Conclusions of the Meeting of the Committee
of Commonwealth Foreign Ministers on Zimbabwe, Abuja, Nigeria,
6 September 2001
1. The Meeting of the Committee of Commonwealth
Foreign Ministers on Zimbabwe met in Abuja on 6 September 2001
at the invitation of H E Olusegun Obasanjo, President of the Federal
Republic of Nigeria. Ministers from Canada, Jamaica, Kenya, South
Africa, Zimbabwe and the United Kingdom, as well as the High Commissioner
for Australia to the United Kingdom, representing the Australian
Foreign Minister, and the Commonwealth Secretary General attended.
The Nigerian Foreign Minister, Sule Lamido, chaired the meeting.
2. The meeting recognised that as a result
of historical injustices, the current land ownership and distribution
needed to be rectified in a transparent and equitable manner.
It also agreed on the following:
(a) Land is at the core of the crisis in
Zimbabwe and cannot be separated from other issues of concern
to the Commonwealth, such as the rule of law, respect for human
rights, democracy and the economy. A program of land reform is,
therefore, crucial to the resolution of the problem.
(b) Such a programme of land reform must
be implemented in a fair, just and sustainable manner, in the
interest of all the people in Zimbabwe, within the law and constitution
(c) The crisis in Zimbabwe also has political
and rule of law implications, which must be addressed holistically
and concurrently. The situation in Zimbabwe poses a threat to
the socio-economic stability of the entire sub-region and the
continent at large.
(d) The need to avoid a division within the
Commonwealth, especially at the forthcoming CHOGM in Brisbane,
Australia, over the situation in Zimbabwe; and
(e) The orderly implementation of the land
reform can only be meaningful and sustainable, if carried out
with due regard to human rights, rule of law, transparency and
democratic principles. The commitment of the Government of Zimbabwe
is, therefore, crucial to this process.
3. The Committee recognises the need for
the adoption of confidence-building measures to ensure the implementation
of the conclusions of the meeting. In this regard, the meeting
welcomed the assurances given by the Zimbabwe delegation as follows:
(i) Commitment to the Harare Commonwealth
Declaration and the Millbrook Commonwealth Action Programme on
the Harare Declaration.
(ii) There will be no further occupation
of farm lands.
(iii) To speed up the process by which farms
that do not meet set criteria, are delisted.
(iv) For farms that are not designated, occupiers
would be moved to legally acquired lands.
(v) Acceleration of discussions with the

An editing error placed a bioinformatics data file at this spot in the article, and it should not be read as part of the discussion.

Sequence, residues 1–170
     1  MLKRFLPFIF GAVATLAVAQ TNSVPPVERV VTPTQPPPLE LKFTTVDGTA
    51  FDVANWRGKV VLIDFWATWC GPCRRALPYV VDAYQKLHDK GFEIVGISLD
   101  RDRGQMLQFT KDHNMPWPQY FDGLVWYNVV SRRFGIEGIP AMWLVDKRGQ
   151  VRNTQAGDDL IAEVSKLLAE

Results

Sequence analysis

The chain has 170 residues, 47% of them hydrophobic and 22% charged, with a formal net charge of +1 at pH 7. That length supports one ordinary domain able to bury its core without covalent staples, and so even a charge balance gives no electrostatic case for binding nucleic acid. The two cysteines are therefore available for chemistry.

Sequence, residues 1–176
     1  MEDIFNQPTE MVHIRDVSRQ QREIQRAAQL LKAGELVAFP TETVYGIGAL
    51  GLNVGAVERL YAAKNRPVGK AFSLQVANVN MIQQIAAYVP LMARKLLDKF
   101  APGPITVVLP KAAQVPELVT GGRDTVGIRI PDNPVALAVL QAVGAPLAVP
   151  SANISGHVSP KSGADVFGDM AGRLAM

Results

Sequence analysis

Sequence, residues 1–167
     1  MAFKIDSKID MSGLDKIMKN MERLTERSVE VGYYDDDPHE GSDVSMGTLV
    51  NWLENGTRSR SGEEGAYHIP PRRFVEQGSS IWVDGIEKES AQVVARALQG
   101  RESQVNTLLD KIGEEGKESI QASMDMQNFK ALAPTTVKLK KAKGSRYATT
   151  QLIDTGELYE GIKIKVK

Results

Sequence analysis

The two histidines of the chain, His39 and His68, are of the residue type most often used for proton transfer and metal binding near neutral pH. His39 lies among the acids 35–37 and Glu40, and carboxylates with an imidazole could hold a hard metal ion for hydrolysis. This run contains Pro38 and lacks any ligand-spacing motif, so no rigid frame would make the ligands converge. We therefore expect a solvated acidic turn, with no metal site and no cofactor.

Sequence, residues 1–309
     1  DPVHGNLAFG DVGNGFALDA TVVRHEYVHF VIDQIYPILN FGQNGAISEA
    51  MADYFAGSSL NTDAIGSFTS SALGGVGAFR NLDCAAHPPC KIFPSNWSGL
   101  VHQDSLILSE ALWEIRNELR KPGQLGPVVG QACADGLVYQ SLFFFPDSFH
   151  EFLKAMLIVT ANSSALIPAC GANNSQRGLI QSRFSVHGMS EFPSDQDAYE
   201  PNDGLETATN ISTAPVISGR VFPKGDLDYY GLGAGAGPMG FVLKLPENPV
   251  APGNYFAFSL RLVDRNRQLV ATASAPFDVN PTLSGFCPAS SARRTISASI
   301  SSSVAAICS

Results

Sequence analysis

UNDP, with a view to reaching agreement as quickly as possible.
(vi) Commitment to restore the rule of law
to the process of land reform programme.
(vii) Commitment to freedom of expression
as guaranteed by the Constitution of Zimbabwe and to take firm
action against violence and intimidation; and
(viii) Invitation by the Foreign Minister
to the Committee to visit Zimbabwe.
4. The meeting agreed, in the overall context
of the statement, that the way forward is for Zimbabwe's international
(a) to engage constructively with the UNDP
and the Government of Zimbabwe in pursuing an effective and sustainable
land reform programme, on the basis of the UNDP proposals of December
(b) to respond positively to any request
from the Government of Zimbabwe in support of the electoral process;
(c) to continue to contribute to poverty
reduction programmes for the benefit of the people of Zimbabwe,
and that those partners present (Australia,
Canada and United Kingdom), would actively pursue these objectives.
5. The Meeting also welcomed the re-affirmation
of the United Kingdom's commitment to a significant financial
contribution to such a land reform programme and its undertaking
to encourage other international donors to do the same.
6. The meeting expressed its profound gratitude
and appreciation to President Olusegun Obasanjo for his continuing
efforts at finding a durable solution to this problem. It also
expressed gratitude to the Chairman, Foreign Minister Sule Lamido,
for the excellent manner in which he conducted the proceedings.
Lastly, it expressed gratitude to the Government and people of
Nigeria for the hospitality and the conducive atmosphere provided
for the meeting. The spirit of camaraderie, informality, honesty
and forthrightness that was brought to bear on the proceedings
of the meeting, was also recognised as being consistent with the
best Commonwealth tradition.
7. Finally, the Committee agreed to convey
to President Obasanjo its willingness to hold further consultations,
if he so desires.
6 September 2001